But the relentless British mortars had found their range. As the FJ arrived to occupy the buildings they came under sustained mortar fire which got their heads down, and pinned the German 120mm mortar team.

The first bold Brits reached the edge of town, but having dashed across open ground into MG fire, there were many left to press the assault further, and they were gradually whittled away to nothing. The last Churchill traded shots at maximum range with a StuG on the overlooking hill, and survived repeat hits, but then... we ran out time! Drat!

Despite the situation on the ground the BR reckoning was close, the Brits were still 10 from breaking, and after a series of terrible chit draws, (4, 5, 4, 5) the veteran FJ were actually only 11 from breaking too. Still, with the Ferdinand re-armed and now hunting the last Churchill, I don’t think the Brits could have taken the village today.

Here are some snaps from the game. A nice change from our norm. Italy has prospects for a good BG book, one day!

First blood - Panzerfaust 1, Daimler AC 0.

 The German artillery support behind the village, werfer and (often pinned) 120mm mortar team

The lurking beast, on ambush fire.

British armoured support moves up the road to take their chances against the very big gun waiting for them. 

Infantry under 'werfer fire and pinned down in the village's surrounding cornfields. (Historically very accurate!)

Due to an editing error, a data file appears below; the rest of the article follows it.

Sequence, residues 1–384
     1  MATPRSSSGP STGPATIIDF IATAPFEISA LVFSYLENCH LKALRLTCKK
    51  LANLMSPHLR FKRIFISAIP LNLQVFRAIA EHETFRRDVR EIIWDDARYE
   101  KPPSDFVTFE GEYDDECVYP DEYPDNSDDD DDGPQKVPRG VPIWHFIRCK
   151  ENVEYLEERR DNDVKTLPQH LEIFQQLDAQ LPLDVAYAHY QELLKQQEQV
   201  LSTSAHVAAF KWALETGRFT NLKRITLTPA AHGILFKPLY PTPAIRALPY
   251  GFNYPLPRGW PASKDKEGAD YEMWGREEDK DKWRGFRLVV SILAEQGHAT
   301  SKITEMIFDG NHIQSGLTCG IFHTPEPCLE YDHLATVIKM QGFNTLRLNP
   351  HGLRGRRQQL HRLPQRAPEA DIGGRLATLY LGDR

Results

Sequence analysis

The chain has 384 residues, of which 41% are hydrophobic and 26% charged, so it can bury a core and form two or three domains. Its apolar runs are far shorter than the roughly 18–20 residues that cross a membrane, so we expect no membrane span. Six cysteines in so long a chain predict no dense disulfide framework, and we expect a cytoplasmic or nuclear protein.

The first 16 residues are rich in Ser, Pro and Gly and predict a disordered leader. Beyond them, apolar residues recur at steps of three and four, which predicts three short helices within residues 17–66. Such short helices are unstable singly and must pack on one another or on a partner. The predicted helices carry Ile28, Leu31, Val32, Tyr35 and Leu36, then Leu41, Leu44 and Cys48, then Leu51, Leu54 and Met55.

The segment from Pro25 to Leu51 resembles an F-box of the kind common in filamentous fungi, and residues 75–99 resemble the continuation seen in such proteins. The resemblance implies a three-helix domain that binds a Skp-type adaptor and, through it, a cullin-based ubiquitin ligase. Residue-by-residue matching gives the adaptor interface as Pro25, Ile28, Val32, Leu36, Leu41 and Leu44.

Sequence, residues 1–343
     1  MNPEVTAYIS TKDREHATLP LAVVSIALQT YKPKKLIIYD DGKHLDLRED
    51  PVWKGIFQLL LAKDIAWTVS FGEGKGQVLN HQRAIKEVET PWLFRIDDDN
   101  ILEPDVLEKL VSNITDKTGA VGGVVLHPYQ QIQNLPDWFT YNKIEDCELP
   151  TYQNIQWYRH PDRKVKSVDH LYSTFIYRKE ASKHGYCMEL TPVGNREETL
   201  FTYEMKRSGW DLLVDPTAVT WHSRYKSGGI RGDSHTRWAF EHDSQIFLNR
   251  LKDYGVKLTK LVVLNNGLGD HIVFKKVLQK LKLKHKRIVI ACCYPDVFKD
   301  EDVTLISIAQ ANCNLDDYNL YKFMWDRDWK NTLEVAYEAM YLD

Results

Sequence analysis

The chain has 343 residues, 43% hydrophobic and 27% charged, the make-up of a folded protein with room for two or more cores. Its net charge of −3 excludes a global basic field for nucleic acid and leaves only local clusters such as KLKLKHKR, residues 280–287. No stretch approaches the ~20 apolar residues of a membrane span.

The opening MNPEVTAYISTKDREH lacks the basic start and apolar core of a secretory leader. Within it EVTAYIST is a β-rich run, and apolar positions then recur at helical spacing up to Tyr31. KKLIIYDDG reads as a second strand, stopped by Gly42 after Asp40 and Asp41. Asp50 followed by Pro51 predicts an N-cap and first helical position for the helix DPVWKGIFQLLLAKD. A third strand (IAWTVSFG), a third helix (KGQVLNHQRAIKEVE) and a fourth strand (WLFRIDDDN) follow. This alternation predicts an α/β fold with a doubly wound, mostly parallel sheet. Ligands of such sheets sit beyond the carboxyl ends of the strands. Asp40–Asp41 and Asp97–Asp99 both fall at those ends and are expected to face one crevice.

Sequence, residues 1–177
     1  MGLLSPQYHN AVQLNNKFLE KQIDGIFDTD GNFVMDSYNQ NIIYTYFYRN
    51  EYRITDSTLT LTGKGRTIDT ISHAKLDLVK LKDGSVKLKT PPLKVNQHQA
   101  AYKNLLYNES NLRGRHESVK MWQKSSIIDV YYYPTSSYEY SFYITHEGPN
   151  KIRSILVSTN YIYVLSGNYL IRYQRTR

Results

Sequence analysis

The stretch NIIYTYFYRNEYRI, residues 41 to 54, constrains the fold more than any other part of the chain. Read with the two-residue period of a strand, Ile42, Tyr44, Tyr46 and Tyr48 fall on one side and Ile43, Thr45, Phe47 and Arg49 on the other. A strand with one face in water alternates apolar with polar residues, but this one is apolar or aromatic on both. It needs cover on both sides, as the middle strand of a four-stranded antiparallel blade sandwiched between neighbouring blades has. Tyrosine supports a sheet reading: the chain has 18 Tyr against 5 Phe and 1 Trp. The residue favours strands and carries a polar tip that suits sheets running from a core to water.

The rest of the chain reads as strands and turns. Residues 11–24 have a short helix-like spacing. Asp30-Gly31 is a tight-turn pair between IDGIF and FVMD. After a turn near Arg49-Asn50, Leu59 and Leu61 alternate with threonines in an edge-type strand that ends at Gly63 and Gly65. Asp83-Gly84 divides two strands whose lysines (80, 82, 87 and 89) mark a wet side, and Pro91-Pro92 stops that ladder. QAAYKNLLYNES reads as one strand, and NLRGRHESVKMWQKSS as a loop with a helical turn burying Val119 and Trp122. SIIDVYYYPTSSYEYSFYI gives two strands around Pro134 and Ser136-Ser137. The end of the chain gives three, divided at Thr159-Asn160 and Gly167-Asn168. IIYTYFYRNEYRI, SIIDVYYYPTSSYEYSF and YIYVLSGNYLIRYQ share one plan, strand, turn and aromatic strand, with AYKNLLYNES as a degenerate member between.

The Church's trundle up through incoming mortar fire. Slow and steady.

A StuG peaks its gun out from cover on the hill behind the village. Targets approaching.

 Meanwhile, reinforcments rush towards the cover of the buildings (Nebelwerfer marked as reloading)

 The last of the first British infantry platoon dash over the open ground from the fields to the buildings, swept by 3 MG42s. Ouch! The PIAT won't really help much.

 The Elephant's calling card... kaboom! Churchills have good armour -right? 6s to hit, twice - lucky (I am sometimes).

 And this is the historical forces for the scenario.

Casa Sinagoga, Liri Valley, 16 May 1944
After the fall of Monti Cassino, the 78th (Battleaxe) Division is advancing into the Liri Valley to secure Route 6, the major road which leads through the valley toward the Hitler Line - the German‘s last prepared defensive position before Rome.   

The 2nd Battalion, London Irish Rifles, began their attack on the heavily defended buildings near Casa Sinagoga just south of Route 6 at 0900 on 16th May, supported by Sherman tanks of the 16th/5th Queens Royal Lancers. Having cleared the building they reached the Colle Monache (report line Pytchley) just after midday. They spent the rest of the day staving off small attacks from the Piopetto river on their left flank, before the Sherman tank’s and well directed artillery was able to stop the counter-attack, destroying 4 self-propelled guns (probable Nashorns) and 2 anti-tank guns firing across the river.

Our game was inspired by the events in the capture of Casa Sinagoga by H Company of the London Irish Rifles and their supporting tanks and the successful morning assault. It was played diagonally across a 6’ x6’ board.

Included here are the forces if you want to replay the events with more historical forces. 

British Forces - Attacking
H Company 2nd Battalion London Irish Rifles
1 Forward Headquarters’ 
3 Infantry Platoons, each consisting of
1 platoon command section with PIAT
3 Rifle Sections
Heavy machine gun team
Medium Mortar team with Bren Carrier

1 Combat Engineer Section with minesweeper